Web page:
MORE FROM ALLEN

Wrapping Text Around a Text Box or Frame

Text boxes and frames can be used for all sorts of information and objects in a document. You can wrap text around the text ...

Discover More

Deriving a Secant and Cosecant

Two rather common trigonometric functions are secants and cosecants. Excel doesn't provide functions to calculate these, but ...

Discover More

Automatically Entering a Data Entry Time

Excel worksheets can be used to keep track of all sorts of information. You may want to use it, for instance, to track ...

Discover More

Program Successfully in Excel! John Walkenbach's name is synonymous with excellence in deciphering complex technical topics. With this comprehensive guide, "Mr. Spreadsheet" shows how to maximize your Excel experience using professional spreadsheet application development tips from his own personal bookshelf. Check out Excel 2013 Power Programming with VBA today!

More ExcelTips (ribbon)

Performing Calculations while Filtering

The advanced filtering capabilities of Excel allow you to easily perform comparisons and calculations while doing the ...

Discover More

Filtering for Purchases within a Given Month

Filtering is a great tool when dealing with large data sets. Knowing how to apply a filter, though, can be a bit tricky at ...

Discover More

Using a Filtered Value in a Formula

Accessing filtering criteria for use in a formula can be a real need for some worksheet designs. Getting to that information ...

Discover More
Subscribe

FREE SERVICE: Get tips like this every week in ExcelTips, a free productivity newsletter. Enter your address and click "Subscribe."

View most recent newsletter.

Comments

If you would like to add an image to your comment (not an avatar, but an image to help in making the point of your comment), include the characters [{fig}] in your comment text. You’ll be prompted to upload your image when you submit the comment. Images larger than 600px wide or 1000px tall will be reduced. Up to three images may be included in a comment. All images are subject to review. Commenting privileges may be curtailed if inappropriate images are posted.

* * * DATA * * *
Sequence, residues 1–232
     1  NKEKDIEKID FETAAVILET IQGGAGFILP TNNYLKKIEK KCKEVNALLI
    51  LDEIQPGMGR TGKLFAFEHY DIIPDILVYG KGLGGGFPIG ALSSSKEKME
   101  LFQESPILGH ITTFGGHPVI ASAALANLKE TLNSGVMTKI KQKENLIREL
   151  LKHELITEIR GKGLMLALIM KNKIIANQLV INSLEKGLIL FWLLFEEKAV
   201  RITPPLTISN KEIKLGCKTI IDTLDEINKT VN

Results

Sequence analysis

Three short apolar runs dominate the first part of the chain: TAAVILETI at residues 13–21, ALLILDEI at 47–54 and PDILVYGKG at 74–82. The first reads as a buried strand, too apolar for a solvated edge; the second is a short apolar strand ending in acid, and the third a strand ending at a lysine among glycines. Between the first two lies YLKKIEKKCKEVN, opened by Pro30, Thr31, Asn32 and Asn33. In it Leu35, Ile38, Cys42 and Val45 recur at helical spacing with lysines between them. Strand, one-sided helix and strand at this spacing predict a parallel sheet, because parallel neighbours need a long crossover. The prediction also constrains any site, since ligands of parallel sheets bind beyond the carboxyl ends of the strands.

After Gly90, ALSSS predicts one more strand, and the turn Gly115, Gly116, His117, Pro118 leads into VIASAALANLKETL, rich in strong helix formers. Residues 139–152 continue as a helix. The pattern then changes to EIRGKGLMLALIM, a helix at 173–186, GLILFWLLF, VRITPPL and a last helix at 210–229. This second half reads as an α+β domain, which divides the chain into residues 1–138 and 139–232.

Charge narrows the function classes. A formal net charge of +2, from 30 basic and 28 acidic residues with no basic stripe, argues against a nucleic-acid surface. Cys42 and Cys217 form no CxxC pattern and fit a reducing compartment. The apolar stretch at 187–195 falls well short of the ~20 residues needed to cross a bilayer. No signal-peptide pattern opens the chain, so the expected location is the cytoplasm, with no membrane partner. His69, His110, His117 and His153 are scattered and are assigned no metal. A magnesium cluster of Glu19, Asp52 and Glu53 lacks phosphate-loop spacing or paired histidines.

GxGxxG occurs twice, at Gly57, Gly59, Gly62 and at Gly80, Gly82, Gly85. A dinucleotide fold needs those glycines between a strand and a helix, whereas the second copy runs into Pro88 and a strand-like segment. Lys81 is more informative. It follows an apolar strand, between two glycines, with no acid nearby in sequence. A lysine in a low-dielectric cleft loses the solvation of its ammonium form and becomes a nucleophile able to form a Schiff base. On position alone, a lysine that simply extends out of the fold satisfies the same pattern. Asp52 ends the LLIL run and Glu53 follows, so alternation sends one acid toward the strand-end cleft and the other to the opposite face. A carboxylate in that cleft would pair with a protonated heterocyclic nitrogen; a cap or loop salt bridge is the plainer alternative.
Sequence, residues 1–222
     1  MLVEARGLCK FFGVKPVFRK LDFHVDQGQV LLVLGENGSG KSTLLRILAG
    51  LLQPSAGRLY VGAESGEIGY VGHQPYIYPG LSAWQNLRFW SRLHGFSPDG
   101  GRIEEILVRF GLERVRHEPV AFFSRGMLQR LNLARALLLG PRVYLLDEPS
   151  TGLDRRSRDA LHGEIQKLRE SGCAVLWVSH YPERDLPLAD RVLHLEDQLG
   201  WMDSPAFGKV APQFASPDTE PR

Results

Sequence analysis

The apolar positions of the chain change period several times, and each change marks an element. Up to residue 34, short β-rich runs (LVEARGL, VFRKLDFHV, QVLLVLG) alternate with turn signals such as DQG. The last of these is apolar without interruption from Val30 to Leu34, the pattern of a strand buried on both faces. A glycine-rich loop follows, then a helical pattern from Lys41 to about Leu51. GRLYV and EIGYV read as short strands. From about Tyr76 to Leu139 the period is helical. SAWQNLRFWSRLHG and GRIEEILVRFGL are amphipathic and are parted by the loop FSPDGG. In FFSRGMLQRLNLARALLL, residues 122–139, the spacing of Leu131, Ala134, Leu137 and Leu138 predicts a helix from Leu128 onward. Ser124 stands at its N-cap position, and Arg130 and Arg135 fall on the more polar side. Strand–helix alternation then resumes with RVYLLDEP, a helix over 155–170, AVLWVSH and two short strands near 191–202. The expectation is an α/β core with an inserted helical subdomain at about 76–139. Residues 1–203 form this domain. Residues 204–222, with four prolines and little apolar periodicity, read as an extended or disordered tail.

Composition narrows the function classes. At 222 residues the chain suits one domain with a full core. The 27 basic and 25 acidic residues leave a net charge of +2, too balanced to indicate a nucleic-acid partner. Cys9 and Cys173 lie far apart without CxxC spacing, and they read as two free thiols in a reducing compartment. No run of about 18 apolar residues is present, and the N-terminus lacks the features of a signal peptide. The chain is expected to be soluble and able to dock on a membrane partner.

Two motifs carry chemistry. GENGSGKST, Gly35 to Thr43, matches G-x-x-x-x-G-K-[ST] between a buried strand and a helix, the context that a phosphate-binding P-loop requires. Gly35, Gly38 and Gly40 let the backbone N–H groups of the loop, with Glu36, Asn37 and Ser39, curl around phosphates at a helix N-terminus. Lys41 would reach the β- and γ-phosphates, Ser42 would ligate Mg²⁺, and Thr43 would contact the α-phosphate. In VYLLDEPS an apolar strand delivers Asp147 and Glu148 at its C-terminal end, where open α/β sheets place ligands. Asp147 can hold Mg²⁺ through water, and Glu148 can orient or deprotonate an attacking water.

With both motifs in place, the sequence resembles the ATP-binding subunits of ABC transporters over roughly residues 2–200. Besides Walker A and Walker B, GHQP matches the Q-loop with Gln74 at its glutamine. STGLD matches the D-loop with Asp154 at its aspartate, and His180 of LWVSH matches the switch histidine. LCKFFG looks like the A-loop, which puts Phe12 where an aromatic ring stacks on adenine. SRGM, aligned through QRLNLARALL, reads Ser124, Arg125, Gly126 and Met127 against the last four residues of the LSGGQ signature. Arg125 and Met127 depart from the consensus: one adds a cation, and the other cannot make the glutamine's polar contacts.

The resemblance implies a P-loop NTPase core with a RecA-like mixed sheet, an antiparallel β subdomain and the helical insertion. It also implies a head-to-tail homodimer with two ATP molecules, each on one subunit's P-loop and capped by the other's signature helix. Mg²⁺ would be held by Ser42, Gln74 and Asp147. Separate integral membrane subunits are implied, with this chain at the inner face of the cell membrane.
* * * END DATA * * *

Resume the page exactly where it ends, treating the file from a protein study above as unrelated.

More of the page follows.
What is six less than 6?

2014-03-31 08:48:00

Michael (Micky) Avidan

This is exactly a situation the "Quick access Toolbar" was designed for.
Add the 'Filter' icon to that QAT and you are all set.
(The icon toggles the auto-Filter On & Off).
Michael (Micky) Avidan
“Microsoft® Answers" - Wiki author & Forums Moderator
“Microsoft®” MVP – Excel (2009-2014)
ISRAEL


2014-03-31 02:31:30

Rudra Sharma

If you are using Excel 2007 or above, Ctrl + Shift + L does the work.

With Regards
Rudra


2014-03-30 13:48:05

Greg

If I have a large amount of data to which I have applied filters in multiple columns, I know I'll "never get back there" so I create a Custom View. One Normal view showing everything and then Custom views using the checkbox to retain filters hidden rows and columns. Then it's easy to get back (two weeks later)) to the results.


2014-03-29 07:25:02

Colin

1. Create a Defined Name (say "MyFilters") that refers to the row of headings in the data table to be filtered.
2. Add the following macro to the ThisWorkbook object of the project in the Visual Basic Editor:

Private Sub Workbook_Open()
' This macro turns off any existing AutoFilters and then applies new autofilters to the specified range.

Dim rng As Range
Set rng = Range("MyFilters")

With rng.parent
.AutoFilterMode = False
.rng.AutoFilter
End With

End Sub


This Site

Got a version of Excel that uses the ribbon interface (Excel 2007 or later)? This site is for you! If you use an earlier version of Excel, visit our ExcelTips site focusing on the menu interface.

Newest Tips
Subscribe

FREE SERVICE: Get tips like this every week in ExcelTips, a free productivity newsletter. Enter your address and click "Subscribe."

(Your e-mail address is not shared with anyone, ever.)

View the most recent newsletter.